The violence has gone unchecked and not a single individual has been censored or disciplined.

Unconstitutional activities have also become the order of the day.

These include;

Unlawful dissolution of party structures.

Unlawful purges from structures of individuals perceived to be aligned to the Renewal Movement.

The suppression of internal debate, with meetings being turned into lynch mobs and rallies being churches of hate and denouncement of all members aligned to the DRC.

The unleashing of threats, duress and fear against anyone thought to be aligned to the DRC, in particular the threat of expulsion against Members of Parliament.”

Are there any differences with the current CCC and its leader Chamisa with the MDC of old?

Chamisa does not want to be questioned, does not care for other voices, is bent on not diluting his power by declaring himself the ‘alpha and omega’ of the party.

The only thing Chamisa is proving is that he is a brilliant student who is eclipsing his former master and mentor Tsvangirai.

Clearly, his beliefs, fears and biases are interfering with how he is running his party.

While ZANU PF is going about its business engaging the masses, in the CCC there is no listening, no understanding and no effort being made to win over the doubter, the fence-sitter and the straddling skeptic.

Chamisa has failed to eschew overt partisanship to find common ground and address the interests of the nation.

On the other hand, hate or love the party, the words and deeds of ZANU PF represent the language of Zimbabwe, not of a single political party and it is not sowing seeds of separation.

It’s not what is being said, it’s what people hear that matters more and no wonder the likes of Biti, Charlton Hwende and Job Sikhala are suspected to be gunning for Chamisa.

They are sick and tired of losing elections and already way before the election date, the writing is on the wall for CCC, in bold letters — spelling, yet another defeat.

Chamisa has nothing to offer the electorate other than an obsessive focus on consolidating power, an agenda out of sync with the masses.

And what has highly chagrined Biti and company is Chamisa’s failure or utter unwillingness to communicate a presidential vision of Zimbabwe and the country’s future.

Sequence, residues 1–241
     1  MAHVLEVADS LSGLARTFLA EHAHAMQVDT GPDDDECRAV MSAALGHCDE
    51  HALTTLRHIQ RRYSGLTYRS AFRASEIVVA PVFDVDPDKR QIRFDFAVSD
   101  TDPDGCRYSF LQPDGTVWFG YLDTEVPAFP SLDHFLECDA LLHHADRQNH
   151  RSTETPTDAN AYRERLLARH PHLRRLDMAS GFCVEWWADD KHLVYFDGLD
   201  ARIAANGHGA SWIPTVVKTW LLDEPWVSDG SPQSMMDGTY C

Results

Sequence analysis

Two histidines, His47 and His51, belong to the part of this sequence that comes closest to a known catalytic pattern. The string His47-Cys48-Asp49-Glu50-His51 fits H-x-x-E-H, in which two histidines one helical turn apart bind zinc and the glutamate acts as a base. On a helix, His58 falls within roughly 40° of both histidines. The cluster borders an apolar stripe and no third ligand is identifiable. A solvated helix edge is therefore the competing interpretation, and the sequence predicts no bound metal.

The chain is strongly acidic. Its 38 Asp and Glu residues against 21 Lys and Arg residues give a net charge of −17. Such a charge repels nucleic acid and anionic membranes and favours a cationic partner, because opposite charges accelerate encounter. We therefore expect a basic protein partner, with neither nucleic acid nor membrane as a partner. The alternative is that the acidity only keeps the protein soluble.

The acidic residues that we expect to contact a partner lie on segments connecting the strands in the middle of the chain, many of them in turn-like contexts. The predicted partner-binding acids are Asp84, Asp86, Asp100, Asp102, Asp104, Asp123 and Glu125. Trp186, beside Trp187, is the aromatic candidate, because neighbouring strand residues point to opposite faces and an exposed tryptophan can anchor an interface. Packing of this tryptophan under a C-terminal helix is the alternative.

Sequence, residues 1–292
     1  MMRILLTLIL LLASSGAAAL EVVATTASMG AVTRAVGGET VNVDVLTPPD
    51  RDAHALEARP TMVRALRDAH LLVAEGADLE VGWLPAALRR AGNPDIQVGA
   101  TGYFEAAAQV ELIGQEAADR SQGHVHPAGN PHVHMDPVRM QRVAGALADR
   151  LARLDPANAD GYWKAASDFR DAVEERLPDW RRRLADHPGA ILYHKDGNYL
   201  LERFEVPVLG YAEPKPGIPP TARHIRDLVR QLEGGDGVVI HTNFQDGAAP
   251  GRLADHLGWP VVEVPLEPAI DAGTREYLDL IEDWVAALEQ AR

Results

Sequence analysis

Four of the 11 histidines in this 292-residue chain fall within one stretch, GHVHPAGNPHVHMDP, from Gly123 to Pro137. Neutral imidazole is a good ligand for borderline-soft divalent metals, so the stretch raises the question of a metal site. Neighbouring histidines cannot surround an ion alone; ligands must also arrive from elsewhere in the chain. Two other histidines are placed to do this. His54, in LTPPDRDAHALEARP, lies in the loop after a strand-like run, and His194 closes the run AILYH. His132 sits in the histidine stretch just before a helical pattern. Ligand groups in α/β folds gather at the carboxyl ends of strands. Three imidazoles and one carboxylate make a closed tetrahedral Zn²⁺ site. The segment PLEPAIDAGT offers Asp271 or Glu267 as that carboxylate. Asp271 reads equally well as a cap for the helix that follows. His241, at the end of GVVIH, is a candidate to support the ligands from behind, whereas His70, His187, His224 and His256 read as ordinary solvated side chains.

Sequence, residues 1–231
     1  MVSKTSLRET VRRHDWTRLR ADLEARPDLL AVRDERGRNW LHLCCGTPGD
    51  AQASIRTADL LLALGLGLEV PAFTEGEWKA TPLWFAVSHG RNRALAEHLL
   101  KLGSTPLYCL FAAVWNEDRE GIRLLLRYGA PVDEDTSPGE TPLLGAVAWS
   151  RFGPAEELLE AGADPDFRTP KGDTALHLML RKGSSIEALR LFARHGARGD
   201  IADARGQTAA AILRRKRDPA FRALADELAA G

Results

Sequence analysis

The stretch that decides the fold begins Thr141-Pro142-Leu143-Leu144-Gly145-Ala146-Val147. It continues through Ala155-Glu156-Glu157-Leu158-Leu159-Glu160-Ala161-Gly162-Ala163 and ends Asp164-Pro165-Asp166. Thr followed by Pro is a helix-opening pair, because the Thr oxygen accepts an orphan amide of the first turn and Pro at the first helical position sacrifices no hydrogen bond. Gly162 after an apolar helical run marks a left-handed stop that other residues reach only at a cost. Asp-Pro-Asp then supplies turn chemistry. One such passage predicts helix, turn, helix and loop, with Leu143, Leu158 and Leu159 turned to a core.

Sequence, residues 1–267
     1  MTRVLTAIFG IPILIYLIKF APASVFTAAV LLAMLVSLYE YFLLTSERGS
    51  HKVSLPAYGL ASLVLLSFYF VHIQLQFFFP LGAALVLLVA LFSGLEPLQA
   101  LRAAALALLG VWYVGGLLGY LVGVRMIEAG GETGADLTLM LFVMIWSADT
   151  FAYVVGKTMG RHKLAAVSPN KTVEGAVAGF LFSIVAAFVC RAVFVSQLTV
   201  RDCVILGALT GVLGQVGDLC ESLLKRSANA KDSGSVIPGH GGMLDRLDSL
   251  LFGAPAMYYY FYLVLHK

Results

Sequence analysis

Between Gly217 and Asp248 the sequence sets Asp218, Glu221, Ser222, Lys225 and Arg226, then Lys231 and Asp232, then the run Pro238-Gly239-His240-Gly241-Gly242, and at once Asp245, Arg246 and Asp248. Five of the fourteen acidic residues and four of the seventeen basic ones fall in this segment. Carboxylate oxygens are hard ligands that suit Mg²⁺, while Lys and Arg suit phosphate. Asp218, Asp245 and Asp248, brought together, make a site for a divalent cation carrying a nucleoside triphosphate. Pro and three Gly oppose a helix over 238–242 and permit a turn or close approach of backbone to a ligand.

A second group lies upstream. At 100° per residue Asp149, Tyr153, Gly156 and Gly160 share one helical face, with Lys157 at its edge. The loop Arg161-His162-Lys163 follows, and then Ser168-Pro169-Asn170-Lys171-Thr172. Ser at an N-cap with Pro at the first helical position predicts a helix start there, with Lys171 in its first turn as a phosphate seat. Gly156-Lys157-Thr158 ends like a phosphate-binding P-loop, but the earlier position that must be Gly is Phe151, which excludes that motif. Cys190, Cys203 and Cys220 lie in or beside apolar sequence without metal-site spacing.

The Chamisa campaign is collapsing under the weight of failed leadership in his party, and has been worsened by having no theme, no focus and no discipline.

And it is déjà vu for Biti.

Chamisa knows that Biti is one to brook no nonsense.

Another defeat spells doom for Chamisa and he cannot afford to lose the only seat of ‘power’ he has, the leadership of the party.

What is a change election? 

This has become the old and tired MDC, CCC, mantra.

Change has been continually happening in the Second Republic.

The word ‘change’ does not even go halfway in explaining what Zimbabweans want.

No longer is it enough to talk about change or solutions, rather Zimbabweans want to see action and results and a party that can demonstrate impact will resonate with people.

If MDC, CCC has failed dismally to run urban councils, can it be trusted by the electorate to run the country?

Chamisa, at one time, felt the international community was his and his alone but the Second Republic has had a distinction in diplomacy and dialogue.

Zimbabwe is no longer a pariah State.

The re-engagement and engagement drive has seen nations literally stampeding into the country seeking co-operation.

Zimbabweans yearn for a time of peace and quiet in their lives and that is exactly what they are getting in the Second Republic; diplomacy and dialogue are the very things that deliver peace of mind.

Rather this is an election of hope, self-belief and of the collective aspirations of a nation that had fallen on hard times politically, economically and socially due to battering by illegal sanctions but has found its footing again and is succeeding in becoming a self-determining entity.

With all indicators pointing to a heavy defeat, Biti is definitely not a happy man.

And Chamisa knows fully well not to trifle with an angry Biti.

He has a well-documented history of calling out failed leadership in his party — the man suffers no fools. 

President Mnangagwa has been fully dedicated to the causes and efforts to rebuild.

He has put his reputation and credibility on the line to achieve successful outcomes.

And all round is evidence of delivery and success.

Turnaround times for projects have become short, resulting in completion of numerous major projects.

The bigger picture in the country now is working for the masses, doing work that benefits the country rather than the individual.

While CCC is bickering over power and having no structures, for ZANU PF, it has been about connecting the values of the Party to the values of the people. The ruling Party is speaking a language of service, one about the road ahead as much as the road travelled.

For the electorate, the message so far is very clear; where one divides, the other unites; where one sounds calibrated from some foreign citadel to arouse fury among people, the other comes from the heart seeking to rouse hope; where one closes with a threat, the other closes with a wish for a better and beautiful nation enjoyed by all.

And what has unhinged the opposition, especially CCC, is that President Mnangagwa has chosen to disagree without being disagreeable.

Peace will prevail before, during and after the elections.